Russians Slam 'Charlie Hebdo' Plane Crash Caricatures on Social Media

Associated Press

Some call the weekly's staff "bastards" and "moral degenerates" as the hashtag "I'm not Charlie" trends in the country.

Don't expect some Russians to hold up "Je Suis Charlie" signs any time soon. To the contrary...

The recent publication by the French satirical weekly of caricatures related to the Oct. 31 crash of a Russian plane, which killed 234 people, enraged a slew of social media users in the country.

One caricature features plane debris and corpses falling on someone looking like an Arab terrorist, and the caption says: "Daech: Russian aviation has stepped up bombardments." Daech is the French word for ISIS.

"Charlie are monsters who have no soul or respect for other people's suffering," the user of the handle Alexei Frolov said on Russian social network VKontakte.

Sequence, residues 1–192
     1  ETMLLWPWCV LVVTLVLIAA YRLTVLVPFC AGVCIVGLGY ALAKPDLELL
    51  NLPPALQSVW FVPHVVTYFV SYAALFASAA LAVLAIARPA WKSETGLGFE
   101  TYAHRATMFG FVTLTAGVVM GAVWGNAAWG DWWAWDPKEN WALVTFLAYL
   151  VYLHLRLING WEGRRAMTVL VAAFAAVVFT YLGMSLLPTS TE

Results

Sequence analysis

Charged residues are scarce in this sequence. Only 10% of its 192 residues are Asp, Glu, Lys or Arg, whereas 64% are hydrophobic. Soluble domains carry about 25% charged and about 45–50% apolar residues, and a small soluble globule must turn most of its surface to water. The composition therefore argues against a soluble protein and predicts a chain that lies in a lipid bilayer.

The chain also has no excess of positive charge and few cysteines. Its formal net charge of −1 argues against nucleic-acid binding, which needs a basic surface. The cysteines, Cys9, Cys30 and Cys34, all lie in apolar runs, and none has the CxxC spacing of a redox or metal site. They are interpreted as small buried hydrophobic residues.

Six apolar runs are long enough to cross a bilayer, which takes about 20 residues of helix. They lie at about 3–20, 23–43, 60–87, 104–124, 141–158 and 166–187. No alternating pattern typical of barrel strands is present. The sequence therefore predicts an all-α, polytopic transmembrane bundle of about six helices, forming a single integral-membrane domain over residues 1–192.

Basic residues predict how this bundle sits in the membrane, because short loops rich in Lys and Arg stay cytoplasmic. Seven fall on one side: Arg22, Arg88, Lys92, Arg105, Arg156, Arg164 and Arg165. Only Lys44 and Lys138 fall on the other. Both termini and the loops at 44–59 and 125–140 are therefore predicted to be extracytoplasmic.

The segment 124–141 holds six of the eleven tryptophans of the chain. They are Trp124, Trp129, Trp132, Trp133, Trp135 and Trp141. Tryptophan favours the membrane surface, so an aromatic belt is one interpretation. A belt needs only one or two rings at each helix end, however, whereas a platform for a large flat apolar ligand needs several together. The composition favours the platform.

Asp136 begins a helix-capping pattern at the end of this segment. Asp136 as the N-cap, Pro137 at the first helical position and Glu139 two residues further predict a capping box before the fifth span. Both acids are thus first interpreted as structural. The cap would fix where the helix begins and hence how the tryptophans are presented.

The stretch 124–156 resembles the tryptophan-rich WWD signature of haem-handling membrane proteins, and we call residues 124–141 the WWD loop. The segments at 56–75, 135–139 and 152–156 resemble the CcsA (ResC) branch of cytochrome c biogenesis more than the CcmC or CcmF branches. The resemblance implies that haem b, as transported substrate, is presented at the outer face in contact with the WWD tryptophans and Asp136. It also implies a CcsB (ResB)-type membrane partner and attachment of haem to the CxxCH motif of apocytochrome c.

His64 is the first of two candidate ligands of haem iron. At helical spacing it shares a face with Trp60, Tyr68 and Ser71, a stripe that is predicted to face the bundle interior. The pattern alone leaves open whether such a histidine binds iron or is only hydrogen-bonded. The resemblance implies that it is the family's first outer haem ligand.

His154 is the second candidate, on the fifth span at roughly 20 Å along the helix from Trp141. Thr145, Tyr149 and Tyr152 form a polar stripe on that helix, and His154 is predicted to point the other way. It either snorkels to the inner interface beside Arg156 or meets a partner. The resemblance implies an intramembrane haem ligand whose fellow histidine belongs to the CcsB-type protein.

"The problem of moral degenerates from Charlie is not in their attitude towards religion, but in their cynicism and total immorality," a user with the name rika_66 said on livejournal.com

Many local users said "I'm not Charlie" or "Is someone else here still Charlie?" on their accounts, publishing links to the caricatures.

A meme, in which the phrase "Je suis Charlie" is crossed out and "I'm not Charlie" is added in Russian and French, has been spreading on  social media, as well as a hashtag saying in Russian "I'm not Charlie."

Some users took a more balance stand, defending Charlie Hebdo.

"True, in Russia, it is uncommon to turn events that we consider tragic into material for satire," film critic Anton Dolin said on his Facebook account. "But in our country, because of various kinds of censorship, political caricature has never existed at all."

"You don't read Charlie Hebdo, and their humor isn't close or interesting to you?" he added. "Okay, no problem. Don't read them and don't get indignant. Are they imposing themselves on you?"

 

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